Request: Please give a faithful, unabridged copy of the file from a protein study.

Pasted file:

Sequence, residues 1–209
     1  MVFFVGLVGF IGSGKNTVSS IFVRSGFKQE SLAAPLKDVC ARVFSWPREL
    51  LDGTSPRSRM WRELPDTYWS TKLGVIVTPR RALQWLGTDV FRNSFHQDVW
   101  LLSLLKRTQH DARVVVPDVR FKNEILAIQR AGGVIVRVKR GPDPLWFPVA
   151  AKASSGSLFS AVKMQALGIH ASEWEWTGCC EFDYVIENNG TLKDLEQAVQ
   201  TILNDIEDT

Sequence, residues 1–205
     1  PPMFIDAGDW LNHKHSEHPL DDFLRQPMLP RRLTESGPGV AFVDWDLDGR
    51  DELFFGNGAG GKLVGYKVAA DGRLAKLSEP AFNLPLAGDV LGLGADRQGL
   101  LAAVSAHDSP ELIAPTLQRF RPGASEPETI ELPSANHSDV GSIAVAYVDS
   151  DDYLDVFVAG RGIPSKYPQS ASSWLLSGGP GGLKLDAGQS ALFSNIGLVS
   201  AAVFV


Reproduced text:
Sequence, residues 1–209
     1  MVFFVGLVGF IGSGKNTVSS IFVRSGFKQE SLAAPLKDVC ARVFSWPREL
    51  LDGTSPRSRM WRELPDTYWS TKLGVIVTPR RALQWLGTDV FRNSFHQDVW
   101  LLSLLKRTQH DARVVVPDVR FKNEILAIQR AGGVIVRVKR GPDPLWFPVA
   151  AKASSGSLFS AVKMQALGIH ASEWEWTGCC EFDYVIENNG TLKDLEQAVQ
   201  TILNDIEDT

Sequence, residues 1–205
     1  PPMFIDAGDW LNHKHSEHPL DDFLRQPMLP RRLTESGPGV AFVDWDLDGR
    51  DELFFGNGAG GKLVGYKVAA DGRLAKLSEP AFNLPLAGDV LGLGADRQGL
   101  LAAVSAHDSP ELIAPTLQRF RPGASEPETI ELPSANHSDV GSIAVAYVDS
   151  DDYLDVFVAG RGIPSKYPQS ASSWLLSGGP GGLKLDAGQS ALFSNIGLVS
   201  AAVFV